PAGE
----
The last level 2 requirement is about remediating vulnerabilities in accordance with risk assessments and you are going to start seeing a little bit of redundancy between the level 2 and level 3 requirements as I continue to go through them. So, you will need to look for weaknesses in your software that may provide ways for hackers to get into your network and do harm. You may have just heard me say that on the previous requirement, continuity across the domains. Vulnerability scans are one of those ways to look for vulnerabilities and we will also talk about these scans on our level 3 requirements. You should perform vulnerability scans to try and find weaknesses, then you need to review the vulnerabilities and determine how they will affect your organization. Create a prioritized list of vulnerabilities you should fix, fix them and record a completion date and time for each item. If you have to fix an item, you must document this with the reason and you need to continuously monitor these vulnerabilities.

Now, let’s move on to the level 3 requirements. The first requirement is about periodically performing risk assessments to identify and prioritize risks according to defined risk categories, risk sources and risk measurement criteria. This practice expands upon those level 2 requirements I just talked about and requires defined risk categories, identifying sources of risk and requiring specific risk measurement criteria are included in the risk assessment. These risk assessments should be performed periodically to identify potential risks and mitigate the reoccurrence of an incident.

The second level 3 requirement is about developing and implementing risk mitigation plans. Organizations should not only be aware of their organizational risks, but also have a risk management plan for responding to them when they occur. Risk mitigation plans should include how the vulnerability or threat will be reduced, the actions that will limit risk exposure, controls to be implemented, identifying your staff that’s responsible for the mitigation plan, the resources you require for the plan, the implementation specifics (who, when, where, why, how) and how the plan implementation will be measured and tracked.

The last level 3 requirement is about managing non-vendor supported products often referred to as “end of life”. So, many of us own IT that is outdated and no longer supported by the manufacturer – iPhone one and two. You’re not going to get software updates from Apple, but people still use these phones even though they work, analog and not digital. So, sometimes it is necessary to continue using end-of-life technologies that extend beyond the support offered by the vendor. The vendor no longer provides software updates. These systems present a risk to your network and may be required to meet business objectives so you may continue to use them since the system is old, no longer supported by the vendor and/or cannot meet this new cyber security requirement, you may need to isolate them from the system even though you may continue to use them. In order to mitigate the risk of these end-of-life technologies, you must manage these unsupported products separately.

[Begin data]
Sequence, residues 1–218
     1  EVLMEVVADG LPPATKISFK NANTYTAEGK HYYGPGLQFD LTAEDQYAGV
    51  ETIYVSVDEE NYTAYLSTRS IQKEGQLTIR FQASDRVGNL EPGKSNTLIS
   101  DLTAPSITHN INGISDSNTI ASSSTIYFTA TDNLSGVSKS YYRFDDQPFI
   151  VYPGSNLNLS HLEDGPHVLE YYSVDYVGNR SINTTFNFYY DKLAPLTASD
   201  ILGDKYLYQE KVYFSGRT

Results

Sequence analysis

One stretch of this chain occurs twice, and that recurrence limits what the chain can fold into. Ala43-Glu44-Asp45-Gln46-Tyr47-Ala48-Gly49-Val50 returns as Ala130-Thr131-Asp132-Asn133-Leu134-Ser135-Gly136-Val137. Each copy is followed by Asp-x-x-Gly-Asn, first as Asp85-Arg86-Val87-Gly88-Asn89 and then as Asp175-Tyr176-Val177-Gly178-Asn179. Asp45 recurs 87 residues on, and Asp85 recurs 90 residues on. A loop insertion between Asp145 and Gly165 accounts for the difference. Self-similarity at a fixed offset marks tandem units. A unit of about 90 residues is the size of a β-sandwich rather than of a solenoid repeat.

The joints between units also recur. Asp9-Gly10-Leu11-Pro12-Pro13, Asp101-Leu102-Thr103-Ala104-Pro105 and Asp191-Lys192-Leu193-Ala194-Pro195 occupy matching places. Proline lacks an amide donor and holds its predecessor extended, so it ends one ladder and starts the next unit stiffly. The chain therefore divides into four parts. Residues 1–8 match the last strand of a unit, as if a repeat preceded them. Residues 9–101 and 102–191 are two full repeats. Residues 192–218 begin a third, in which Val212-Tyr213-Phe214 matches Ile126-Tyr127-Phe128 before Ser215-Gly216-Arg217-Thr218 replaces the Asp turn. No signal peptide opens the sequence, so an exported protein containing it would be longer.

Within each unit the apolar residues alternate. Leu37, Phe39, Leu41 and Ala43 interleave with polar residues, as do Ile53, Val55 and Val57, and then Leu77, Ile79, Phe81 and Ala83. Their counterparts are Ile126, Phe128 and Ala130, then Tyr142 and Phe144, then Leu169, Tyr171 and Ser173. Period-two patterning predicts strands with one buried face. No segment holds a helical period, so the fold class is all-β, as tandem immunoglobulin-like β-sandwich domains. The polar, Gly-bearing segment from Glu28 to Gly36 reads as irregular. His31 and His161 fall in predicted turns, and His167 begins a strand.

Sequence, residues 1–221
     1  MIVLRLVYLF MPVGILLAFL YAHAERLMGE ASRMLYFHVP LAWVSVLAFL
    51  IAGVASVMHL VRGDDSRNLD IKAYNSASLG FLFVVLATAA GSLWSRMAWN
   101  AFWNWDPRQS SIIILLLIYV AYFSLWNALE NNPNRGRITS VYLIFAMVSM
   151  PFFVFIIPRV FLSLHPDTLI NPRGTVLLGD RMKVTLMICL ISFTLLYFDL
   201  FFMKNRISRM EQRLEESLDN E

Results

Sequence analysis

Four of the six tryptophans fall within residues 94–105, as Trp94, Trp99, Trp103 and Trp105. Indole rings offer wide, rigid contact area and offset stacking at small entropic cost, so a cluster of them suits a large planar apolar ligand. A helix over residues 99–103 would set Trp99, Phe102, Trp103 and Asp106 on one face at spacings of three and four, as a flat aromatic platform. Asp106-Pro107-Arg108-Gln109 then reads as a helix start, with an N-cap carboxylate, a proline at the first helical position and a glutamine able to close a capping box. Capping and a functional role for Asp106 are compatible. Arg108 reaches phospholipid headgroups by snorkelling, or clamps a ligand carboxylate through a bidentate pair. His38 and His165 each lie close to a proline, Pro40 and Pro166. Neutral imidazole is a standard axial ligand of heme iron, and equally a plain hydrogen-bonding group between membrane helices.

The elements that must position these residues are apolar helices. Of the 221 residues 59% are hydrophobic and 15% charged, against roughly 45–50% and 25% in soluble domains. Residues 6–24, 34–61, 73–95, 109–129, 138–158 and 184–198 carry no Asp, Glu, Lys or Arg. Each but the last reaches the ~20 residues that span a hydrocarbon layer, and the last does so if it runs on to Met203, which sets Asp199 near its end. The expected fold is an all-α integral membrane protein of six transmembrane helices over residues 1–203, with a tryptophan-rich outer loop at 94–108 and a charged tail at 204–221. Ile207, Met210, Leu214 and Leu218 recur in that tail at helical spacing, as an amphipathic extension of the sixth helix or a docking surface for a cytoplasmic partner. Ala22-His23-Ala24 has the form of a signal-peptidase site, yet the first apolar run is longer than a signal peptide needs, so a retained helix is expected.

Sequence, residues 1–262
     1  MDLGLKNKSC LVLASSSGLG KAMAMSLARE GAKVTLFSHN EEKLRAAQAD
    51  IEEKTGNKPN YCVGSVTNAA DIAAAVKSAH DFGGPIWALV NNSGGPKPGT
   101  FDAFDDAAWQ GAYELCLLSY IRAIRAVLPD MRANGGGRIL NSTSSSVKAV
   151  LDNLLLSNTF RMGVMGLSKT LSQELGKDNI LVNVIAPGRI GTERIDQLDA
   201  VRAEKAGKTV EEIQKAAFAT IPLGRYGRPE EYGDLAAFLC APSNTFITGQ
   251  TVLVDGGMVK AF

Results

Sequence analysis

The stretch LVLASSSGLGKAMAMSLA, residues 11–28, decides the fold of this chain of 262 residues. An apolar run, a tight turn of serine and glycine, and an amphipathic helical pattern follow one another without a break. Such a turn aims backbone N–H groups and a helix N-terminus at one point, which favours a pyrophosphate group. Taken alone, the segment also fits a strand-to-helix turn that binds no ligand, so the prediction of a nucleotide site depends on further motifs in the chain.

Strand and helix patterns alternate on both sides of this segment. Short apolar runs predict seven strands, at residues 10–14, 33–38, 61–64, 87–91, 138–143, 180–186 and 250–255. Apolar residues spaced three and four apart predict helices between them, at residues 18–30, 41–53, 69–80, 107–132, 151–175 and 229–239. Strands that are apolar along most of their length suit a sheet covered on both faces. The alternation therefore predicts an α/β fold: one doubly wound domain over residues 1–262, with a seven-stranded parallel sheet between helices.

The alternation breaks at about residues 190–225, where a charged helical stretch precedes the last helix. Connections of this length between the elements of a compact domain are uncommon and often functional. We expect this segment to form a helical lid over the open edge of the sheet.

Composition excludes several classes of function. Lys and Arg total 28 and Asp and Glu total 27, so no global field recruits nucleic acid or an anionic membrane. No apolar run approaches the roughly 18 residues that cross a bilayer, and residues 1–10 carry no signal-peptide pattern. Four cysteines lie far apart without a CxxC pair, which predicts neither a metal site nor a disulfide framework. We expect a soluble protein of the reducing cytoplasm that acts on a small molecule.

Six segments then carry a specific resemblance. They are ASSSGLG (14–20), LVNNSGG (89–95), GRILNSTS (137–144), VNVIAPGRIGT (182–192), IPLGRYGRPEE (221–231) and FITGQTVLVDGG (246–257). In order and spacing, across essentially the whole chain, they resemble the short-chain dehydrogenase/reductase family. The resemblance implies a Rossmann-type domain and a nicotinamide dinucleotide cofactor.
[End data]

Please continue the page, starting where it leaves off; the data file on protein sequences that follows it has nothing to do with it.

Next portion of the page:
So those are the six requirements for risk management (RM) for levels two and three. Hopefully, you are beginning to perform a self-assessment of your organization to determine if you have gaps in meeting these requirements. If you do, begin to close those gaps so that you are prepared for CMMC implementation.

Things that you should do: fund your program, become familiar with CMMC in general and NIST SP 800-171and 800-53. In our next review, we will go on to our next domain and we will bring you closer and closer to understanding all the CMMC domains and the implementation requirements. Until then thank you, this is Bob Hanley from Sabre Systems and make sure you do your gap analysis and become CMMC ready. Thank you and have a great day.